"The video narrative does not tell the entire tale of the tape," Koval said. "You don't have any audio, don't have a seamless beginning, middle and end. You sort of have snippets and snapshots."

It's unclear whether the teen will face any criminal charges as a result of the incident, and the decision on whether to pursue charges will likely not happen until the teen gets evaluated. 

"There is no one intent on believing that right now anyone should be discussing a sense of urgency of what potential charges or criminal culpability lie in the future. Our biggest concern is that this individual is getting the help he needs, and maybe this is an appropriate case to look at outside of the criminal justice system," Koval said before emphasizing that no decisions have been made. 

The teen involved in the incident was black. Koval said the incident warrants investigation regardless of the racial undertones that may surround the incident. 

"I don't think we can call this a question of race," Koval said. "I think we have to call it — what was the behavior the subject showed? Was the officer's behavior consistent with the training that they are supposed to get? The race issue is sort of subliminal in everyone's mind, but I hope that the ultimate way we are looking at this is based on the objective reasonableness of the fact."

'An affirmation' of the role of school police officers

Koval said Monday's incident reaffirms the need for school-based police officers. The comments came as debate over the role of school resource officers in Madison's high schools have roiled the Madison School District. A contract between the city and school district places one Madison police officer in the four comprehensive high schools. The officers receive training to work in school-based environments. 

The current contract ends June 30, and negotiations between the district and city have stalled for months. The Madison School Board approved an amended contract in December that added language giving school officials the ability to remove an officer from a school if they found just cause. Koval and the city have argued that the added language is illegal, because personnel decisions on officers ultimately are under the authority of the police chief. 

"When we have the opportunity to share robustly what occurred, I would have to say this is actually an affirmation and a validation of the role of the SRO," Koval said.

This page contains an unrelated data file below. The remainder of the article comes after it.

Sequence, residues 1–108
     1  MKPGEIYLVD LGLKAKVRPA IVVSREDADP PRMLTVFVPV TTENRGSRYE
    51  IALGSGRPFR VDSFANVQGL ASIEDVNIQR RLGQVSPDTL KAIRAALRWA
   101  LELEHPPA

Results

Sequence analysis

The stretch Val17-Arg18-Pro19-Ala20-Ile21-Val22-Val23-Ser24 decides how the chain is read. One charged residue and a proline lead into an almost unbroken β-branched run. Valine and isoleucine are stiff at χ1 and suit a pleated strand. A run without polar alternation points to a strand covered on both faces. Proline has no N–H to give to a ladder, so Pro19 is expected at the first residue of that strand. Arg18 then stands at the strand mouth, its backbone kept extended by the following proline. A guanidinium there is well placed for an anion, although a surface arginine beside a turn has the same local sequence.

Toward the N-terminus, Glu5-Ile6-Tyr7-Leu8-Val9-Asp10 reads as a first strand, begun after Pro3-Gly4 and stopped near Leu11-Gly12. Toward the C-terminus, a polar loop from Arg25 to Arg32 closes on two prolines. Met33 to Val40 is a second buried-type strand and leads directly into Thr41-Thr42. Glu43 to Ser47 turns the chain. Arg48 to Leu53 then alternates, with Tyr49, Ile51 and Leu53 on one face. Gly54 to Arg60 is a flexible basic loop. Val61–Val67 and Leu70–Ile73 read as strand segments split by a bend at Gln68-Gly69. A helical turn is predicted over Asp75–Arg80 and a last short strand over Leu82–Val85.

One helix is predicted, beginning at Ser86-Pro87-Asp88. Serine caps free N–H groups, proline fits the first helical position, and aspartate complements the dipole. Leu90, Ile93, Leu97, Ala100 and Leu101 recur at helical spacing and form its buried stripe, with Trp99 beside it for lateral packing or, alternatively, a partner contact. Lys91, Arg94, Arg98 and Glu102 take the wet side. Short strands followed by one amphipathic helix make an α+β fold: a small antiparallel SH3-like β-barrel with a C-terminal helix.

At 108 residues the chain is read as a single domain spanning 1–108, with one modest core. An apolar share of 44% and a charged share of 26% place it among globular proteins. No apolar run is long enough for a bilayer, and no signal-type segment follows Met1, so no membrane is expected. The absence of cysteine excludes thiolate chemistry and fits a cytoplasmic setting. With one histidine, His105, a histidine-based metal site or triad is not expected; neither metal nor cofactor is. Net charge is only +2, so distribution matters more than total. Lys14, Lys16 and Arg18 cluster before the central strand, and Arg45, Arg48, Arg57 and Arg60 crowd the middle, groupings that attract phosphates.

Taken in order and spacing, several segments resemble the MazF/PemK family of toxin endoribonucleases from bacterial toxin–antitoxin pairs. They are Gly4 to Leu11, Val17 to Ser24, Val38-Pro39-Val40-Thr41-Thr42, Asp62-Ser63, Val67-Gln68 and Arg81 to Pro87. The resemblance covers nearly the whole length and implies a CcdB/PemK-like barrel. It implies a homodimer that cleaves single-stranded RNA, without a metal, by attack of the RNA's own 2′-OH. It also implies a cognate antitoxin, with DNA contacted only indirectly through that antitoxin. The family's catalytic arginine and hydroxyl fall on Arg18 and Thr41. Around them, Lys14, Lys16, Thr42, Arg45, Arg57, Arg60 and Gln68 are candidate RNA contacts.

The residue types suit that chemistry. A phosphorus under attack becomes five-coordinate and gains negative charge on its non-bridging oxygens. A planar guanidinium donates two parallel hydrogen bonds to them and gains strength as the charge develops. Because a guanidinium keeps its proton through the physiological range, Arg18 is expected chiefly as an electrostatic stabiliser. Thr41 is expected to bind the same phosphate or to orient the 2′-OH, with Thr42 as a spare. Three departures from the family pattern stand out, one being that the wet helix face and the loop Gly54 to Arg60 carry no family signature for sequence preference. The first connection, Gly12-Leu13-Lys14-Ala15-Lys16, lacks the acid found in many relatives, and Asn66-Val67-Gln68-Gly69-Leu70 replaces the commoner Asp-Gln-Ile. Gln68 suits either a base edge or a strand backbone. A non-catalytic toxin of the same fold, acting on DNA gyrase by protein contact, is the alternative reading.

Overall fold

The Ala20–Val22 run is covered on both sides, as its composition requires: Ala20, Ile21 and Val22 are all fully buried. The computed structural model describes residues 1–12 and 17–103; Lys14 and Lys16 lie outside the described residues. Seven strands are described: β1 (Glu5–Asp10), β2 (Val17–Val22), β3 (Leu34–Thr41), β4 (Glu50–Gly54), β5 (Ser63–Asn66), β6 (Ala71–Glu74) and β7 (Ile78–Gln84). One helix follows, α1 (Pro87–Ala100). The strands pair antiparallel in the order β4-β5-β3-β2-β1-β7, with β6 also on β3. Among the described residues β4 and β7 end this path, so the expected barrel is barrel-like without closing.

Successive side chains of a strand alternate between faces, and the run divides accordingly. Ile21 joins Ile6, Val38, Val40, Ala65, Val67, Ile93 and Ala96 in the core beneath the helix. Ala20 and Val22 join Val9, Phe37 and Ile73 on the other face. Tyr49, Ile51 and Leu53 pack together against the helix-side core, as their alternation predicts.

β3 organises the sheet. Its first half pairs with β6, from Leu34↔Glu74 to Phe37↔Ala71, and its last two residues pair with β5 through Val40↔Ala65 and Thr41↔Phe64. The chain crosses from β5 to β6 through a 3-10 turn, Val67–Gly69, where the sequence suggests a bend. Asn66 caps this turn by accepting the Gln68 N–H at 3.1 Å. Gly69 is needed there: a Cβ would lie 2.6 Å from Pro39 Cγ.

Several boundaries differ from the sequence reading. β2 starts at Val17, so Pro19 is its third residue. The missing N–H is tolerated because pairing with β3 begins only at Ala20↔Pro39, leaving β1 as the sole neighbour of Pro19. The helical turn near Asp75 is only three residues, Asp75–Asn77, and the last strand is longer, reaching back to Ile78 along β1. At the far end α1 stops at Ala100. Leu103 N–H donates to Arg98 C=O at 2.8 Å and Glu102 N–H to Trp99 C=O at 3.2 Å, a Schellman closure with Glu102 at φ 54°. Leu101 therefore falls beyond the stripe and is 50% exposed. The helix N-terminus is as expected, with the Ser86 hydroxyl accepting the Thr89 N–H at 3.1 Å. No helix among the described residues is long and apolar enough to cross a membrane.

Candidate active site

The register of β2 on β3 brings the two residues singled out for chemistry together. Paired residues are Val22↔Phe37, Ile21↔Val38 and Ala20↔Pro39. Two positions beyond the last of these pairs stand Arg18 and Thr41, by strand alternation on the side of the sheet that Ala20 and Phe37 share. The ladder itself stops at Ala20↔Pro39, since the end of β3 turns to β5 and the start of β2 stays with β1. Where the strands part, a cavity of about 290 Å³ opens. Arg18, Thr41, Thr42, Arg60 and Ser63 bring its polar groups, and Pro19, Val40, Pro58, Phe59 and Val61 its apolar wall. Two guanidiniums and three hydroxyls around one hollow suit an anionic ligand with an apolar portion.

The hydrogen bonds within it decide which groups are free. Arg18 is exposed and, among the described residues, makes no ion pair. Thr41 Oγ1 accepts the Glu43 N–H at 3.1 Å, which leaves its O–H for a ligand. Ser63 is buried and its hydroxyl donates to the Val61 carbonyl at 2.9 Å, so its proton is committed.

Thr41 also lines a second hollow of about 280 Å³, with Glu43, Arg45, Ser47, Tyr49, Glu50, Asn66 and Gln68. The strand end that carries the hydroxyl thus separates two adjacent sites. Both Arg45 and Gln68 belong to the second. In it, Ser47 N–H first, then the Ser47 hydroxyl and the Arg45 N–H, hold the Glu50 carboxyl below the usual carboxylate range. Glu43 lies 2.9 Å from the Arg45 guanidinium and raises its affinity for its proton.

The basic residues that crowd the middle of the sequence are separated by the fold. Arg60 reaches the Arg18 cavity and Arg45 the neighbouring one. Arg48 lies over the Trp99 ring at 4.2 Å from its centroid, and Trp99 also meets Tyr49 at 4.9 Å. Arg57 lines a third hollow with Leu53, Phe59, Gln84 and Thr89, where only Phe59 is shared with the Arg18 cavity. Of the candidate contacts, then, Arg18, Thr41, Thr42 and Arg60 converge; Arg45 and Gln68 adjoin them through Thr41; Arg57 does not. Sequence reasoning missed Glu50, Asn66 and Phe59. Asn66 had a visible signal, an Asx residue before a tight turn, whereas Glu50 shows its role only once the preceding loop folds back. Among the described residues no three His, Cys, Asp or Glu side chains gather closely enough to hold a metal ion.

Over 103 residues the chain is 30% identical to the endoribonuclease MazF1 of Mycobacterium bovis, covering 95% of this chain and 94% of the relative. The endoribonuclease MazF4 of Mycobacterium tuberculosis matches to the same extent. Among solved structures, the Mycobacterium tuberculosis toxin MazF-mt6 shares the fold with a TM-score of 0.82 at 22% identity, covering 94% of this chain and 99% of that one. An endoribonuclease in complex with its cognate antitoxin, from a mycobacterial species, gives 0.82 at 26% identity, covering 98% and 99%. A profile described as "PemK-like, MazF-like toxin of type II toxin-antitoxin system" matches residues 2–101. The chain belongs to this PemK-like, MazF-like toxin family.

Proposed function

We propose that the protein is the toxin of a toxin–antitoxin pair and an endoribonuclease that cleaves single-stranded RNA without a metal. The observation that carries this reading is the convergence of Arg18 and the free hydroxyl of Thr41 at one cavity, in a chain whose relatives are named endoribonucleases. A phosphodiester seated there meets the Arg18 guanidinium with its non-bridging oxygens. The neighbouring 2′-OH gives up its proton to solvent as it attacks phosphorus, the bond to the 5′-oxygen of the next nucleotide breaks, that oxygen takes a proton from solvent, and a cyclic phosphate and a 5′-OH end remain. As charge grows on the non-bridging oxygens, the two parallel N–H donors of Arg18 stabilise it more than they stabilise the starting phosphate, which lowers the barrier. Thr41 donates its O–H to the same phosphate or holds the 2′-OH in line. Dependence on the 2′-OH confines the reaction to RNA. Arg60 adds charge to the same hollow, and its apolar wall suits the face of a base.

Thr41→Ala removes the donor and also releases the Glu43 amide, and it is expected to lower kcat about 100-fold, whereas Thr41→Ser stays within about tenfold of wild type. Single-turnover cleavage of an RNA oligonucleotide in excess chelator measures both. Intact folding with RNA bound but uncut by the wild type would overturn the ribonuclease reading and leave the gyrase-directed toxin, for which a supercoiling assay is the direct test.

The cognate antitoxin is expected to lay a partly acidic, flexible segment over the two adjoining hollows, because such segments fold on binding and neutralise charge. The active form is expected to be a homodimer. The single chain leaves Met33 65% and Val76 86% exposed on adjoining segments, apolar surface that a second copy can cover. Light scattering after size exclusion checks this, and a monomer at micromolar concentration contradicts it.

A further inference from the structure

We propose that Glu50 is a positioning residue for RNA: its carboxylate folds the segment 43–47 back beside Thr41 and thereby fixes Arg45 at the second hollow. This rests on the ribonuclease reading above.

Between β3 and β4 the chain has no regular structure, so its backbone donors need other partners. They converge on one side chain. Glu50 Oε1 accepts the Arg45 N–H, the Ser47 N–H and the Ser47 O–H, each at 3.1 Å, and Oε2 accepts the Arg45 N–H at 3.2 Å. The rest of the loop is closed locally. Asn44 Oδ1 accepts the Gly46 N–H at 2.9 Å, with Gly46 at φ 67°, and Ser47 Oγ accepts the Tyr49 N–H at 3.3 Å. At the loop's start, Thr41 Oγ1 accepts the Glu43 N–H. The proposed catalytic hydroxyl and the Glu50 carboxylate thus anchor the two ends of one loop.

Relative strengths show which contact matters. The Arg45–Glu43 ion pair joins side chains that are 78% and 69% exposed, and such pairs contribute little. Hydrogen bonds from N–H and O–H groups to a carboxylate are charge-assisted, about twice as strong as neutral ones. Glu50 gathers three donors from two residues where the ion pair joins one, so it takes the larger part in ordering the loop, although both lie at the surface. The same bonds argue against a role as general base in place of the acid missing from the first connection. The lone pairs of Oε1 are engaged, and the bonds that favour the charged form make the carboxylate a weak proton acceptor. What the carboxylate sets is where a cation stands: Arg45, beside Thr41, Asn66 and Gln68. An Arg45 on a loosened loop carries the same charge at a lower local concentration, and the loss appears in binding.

The officer placed at West, Justin Creech, knew the boy and worked with the school nurse and Journey Mental Health Monday morning as it became clear that something wasn't going right for the student. After efforts to help the student Monday morning didn't seem to help, the officer and school officials decided it was best if the boy went home. The police presence was requested to facilitate a safe transport to the hospital. 

Koval said having an SRO present instead of having a patrol officer come to West and be unfamiliar with the student and the school environment would not have been helpful in mitigating the situation. 

"I actually think the SRO was a central player in ensuring there was a wrap-around response, that there was Journey Mental Health, there was the school nurses plugged in," Koval said. "The kid was not harming himself or others and not being put into classroom environments where it's only going to aggravate perhaps a condition of what the kid is feeling. I would say this is an opportunity whereby if you only had a patrol response, the patrol officer isn't going to know the nuances of this kid, and not really know Journey or the school nurse."

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Education Reporter

Negassi Tesfamichael is the local education reporter at The Cap Times. He joined the paper in 2018. He previously worked as an intern at WISC-TV/Channel3000.com and at POLITICO.